Community Blog

How to Prevent Bias as a Caregiver

By Patti Soisson

As a caregiver, it is natural to get to know those you care for at a personal level. Your clients may share stories and talk about their lives. This can be good for establishing a relationship. However, it can also be a problem when you learn information that causes you to have a bias toward clients or their family members.

 

Common Causes of Bias 

Certain facts are likely to lead to the growth of bias, including the senior’s or family’s:

 

  • Race or ethnicity
  • Religion
  • Political beliefs and prejudices
  • Criminal or unethical activity
  • Physical disability, disease, or mental illness
  • Education, employment, or social status
  • Sexual orientation or gender identity

 

Being aware of these factors can help you avoid harboring prejudices of your own, including positive preference toward someone.

 

Bias Prevention

Before taking a caregiving position, it is important to find out as much relevant information about the senior and family as possible. Avoid putting yourself in a situation where you will find it difficult to offer proper care and respect to those you serve. You may also want to work out your own prejudices through education, job training, or therapy so you can maintain a professional attitude no matter for whom you provide senior care.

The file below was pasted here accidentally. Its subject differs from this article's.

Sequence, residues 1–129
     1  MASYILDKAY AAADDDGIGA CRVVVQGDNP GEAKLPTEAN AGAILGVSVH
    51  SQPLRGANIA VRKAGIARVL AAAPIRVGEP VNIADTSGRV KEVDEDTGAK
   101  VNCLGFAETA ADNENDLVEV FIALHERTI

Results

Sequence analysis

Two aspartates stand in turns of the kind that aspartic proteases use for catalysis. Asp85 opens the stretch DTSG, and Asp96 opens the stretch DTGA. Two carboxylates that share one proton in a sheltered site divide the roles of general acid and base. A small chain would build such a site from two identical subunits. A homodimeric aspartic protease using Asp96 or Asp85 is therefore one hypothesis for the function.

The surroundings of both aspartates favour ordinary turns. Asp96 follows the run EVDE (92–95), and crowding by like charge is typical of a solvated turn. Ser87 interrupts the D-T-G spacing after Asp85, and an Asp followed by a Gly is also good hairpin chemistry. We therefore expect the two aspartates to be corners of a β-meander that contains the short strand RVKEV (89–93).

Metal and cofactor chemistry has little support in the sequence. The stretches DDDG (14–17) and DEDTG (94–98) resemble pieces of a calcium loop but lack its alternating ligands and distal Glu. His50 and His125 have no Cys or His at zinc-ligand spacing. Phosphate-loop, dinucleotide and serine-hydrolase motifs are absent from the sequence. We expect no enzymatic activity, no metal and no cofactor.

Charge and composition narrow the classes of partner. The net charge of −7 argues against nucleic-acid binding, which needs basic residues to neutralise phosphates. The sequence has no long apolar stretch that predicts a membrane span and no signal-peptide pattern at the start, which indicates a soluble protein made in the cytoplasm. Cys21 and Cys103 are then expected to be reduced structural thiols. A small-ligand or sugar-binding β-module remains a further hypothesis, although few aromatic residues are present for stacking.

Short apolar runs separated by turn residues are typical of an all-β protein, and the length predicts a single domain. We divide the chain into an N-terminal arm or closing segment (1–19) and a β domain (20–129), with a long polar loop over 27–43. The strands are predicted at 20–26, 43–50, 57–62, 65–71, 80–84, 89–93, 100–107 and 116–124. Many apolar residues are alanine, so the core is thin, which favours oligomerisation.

Bias Management

If you are already in a position and discover unfavorable personal information, you need to know how to manage your bias. This is especially important if you are related to the client, as it is much easier for family drama to affect your work. It can be helpful to remember the following:

 

  • Your purpose. Your job is not to judge, counsel, or gossip with your clients and their families and friends. Your purpose is to provide high-quality health or personal care.
  • Professional boundaries. When inappropriate topics arise, set boundaries. Express that you would not like to know that information or that it is none of your business, and then change the subject.
  • Time. What happened in the past should stay in the past. If you learned that your client cheated on a spouse or spent time in jail years ago, that is irrelevant to the present situation. It is not fair to make a judgement based on an incomplete picture. Remember that some people change and others like to hold grudges.

 

Remembering these principles can help you to forgive and forget anything you hear that may cause bias. Focus on being compassionate toward your clients, especially during this difficult time at the end of their lives, and let Home Helpers assist you in becoming or finding the best caregiver for the situation.